Olives, which is very steep. Nothing can exceed the surprise which you feel when, having reached mid-way, on turning about you perceive Jerusalem before you. It no longer appears to be that ruined city, whose filthy, narrow, and crooked streets make such a profound and disagreeable impression upon strangers. The tower of David; the cupolas of the church of the Holy Sepulchre; the mosque of Omar, built in the centre of the space, where of old stood the temple of Solomon; the houses which surround it; that multitude of minarets; the convents of St. Saviour, of the Greeks, and of the Armenians; those embattled walls that encompass the city; the Gilded Gate; the gate of St. Stephen; those forsaken churches, the ruins of which distance prevents the eye from discerning-all these impart to the holy city an aspect of grandeur and magnificence which strike the pilgrim and long rivet his gaze.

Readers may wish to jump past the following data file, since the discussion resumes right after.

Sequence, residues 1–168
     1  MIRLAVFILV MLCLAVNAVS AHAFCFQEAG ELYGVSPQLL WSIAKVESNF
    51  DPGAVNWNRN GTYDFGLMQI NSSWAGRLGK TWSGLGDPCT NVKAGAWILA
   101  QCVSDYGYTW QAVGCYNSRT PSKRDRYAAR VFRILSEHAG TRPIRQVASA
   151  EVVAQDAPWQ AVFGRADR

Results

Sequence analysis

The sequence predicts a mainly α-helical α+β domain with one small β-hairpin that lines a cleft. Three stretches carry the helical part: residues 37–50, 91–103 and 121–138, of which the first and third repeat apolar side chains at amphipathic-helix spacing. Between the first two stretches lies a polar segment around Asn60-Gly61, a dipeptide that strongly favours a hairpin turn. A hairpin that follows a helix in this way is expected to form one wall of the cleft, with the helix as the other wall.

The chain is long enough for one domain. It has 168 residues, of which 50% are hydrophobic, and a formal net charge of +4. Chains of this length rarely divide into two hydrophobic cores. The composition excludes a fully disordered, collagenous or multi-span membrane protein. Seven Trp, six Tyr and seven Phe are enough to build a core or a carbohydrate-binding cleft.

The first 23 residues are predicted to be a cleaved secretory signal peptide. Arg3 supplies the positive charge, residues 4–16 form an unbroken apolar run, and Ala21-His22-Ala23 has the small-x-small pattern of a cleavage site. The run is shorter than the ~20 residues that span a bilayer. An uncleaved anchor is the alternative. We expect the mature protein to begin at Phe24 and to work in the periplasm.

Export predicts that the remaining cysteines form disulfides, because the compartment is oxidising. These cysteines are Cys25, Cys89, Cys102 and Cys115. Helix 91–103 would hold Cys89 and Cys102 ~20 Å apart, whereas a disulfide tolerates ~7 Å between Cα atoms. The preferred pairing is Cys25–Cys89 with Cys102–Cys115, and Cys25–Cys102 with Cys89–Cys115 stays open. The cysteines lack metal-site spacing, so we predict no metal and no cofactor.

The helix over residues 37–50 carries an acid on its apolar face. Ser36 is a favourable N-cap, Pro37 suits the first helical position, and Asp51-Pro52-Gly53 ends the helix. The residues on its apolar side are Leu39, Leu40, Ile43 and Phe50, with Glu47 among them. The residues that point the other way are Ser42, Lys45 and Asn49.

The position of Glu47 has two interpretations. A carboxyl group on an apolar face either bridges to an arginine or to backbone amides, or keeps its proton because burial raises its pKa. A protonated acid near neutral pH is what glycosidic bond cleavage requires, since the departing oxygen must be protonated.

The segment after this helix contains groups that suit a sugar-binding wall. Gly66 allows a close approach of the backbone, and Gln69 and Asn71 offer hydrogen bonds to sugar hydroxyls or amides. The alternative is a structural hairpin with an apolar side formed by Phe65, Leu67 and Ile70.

From the summit of the mount, directing your steps to the left, you pass through a field of olives, and then arrive at considerable remains of buildings known by the name of Viri Galilæi, As these are the first words addressed by the angels to the disciples who witnessed the ascension of our Saviour, when they asked them,

why stand ye gazing up into heaven ?” (Acts, i. 9) several have conjectured that this was the spot where Mary, the Apostles, and the one hundred and twenty disciples, beheld our Lord ascend to heaven. Others assert that the appellation given to these remains is derived from the circumstance that, before the time of Jesus Christ, they were the resort of the Galileans who came to Jerusalem to hold the Passover. What gives